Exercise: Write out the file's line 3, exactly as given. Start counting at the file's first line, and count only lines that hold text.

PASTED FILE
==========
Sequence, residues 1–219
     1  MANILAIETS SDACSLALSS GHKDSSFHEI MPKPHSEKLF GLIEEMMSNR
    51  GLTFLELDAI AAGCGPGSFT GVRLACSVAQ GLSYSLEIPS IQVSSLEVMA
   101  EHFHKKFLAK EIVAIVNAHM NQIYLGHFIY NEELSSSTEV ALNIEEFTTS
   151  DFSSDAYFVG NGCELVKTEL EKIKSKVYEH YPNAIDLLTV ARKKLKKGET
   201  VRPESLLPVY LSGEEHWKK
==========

    51  GLTFLELDAI AAGCGPGSFT GVRLACSVAQ GLSYSLEIPS IQVSSLEVMA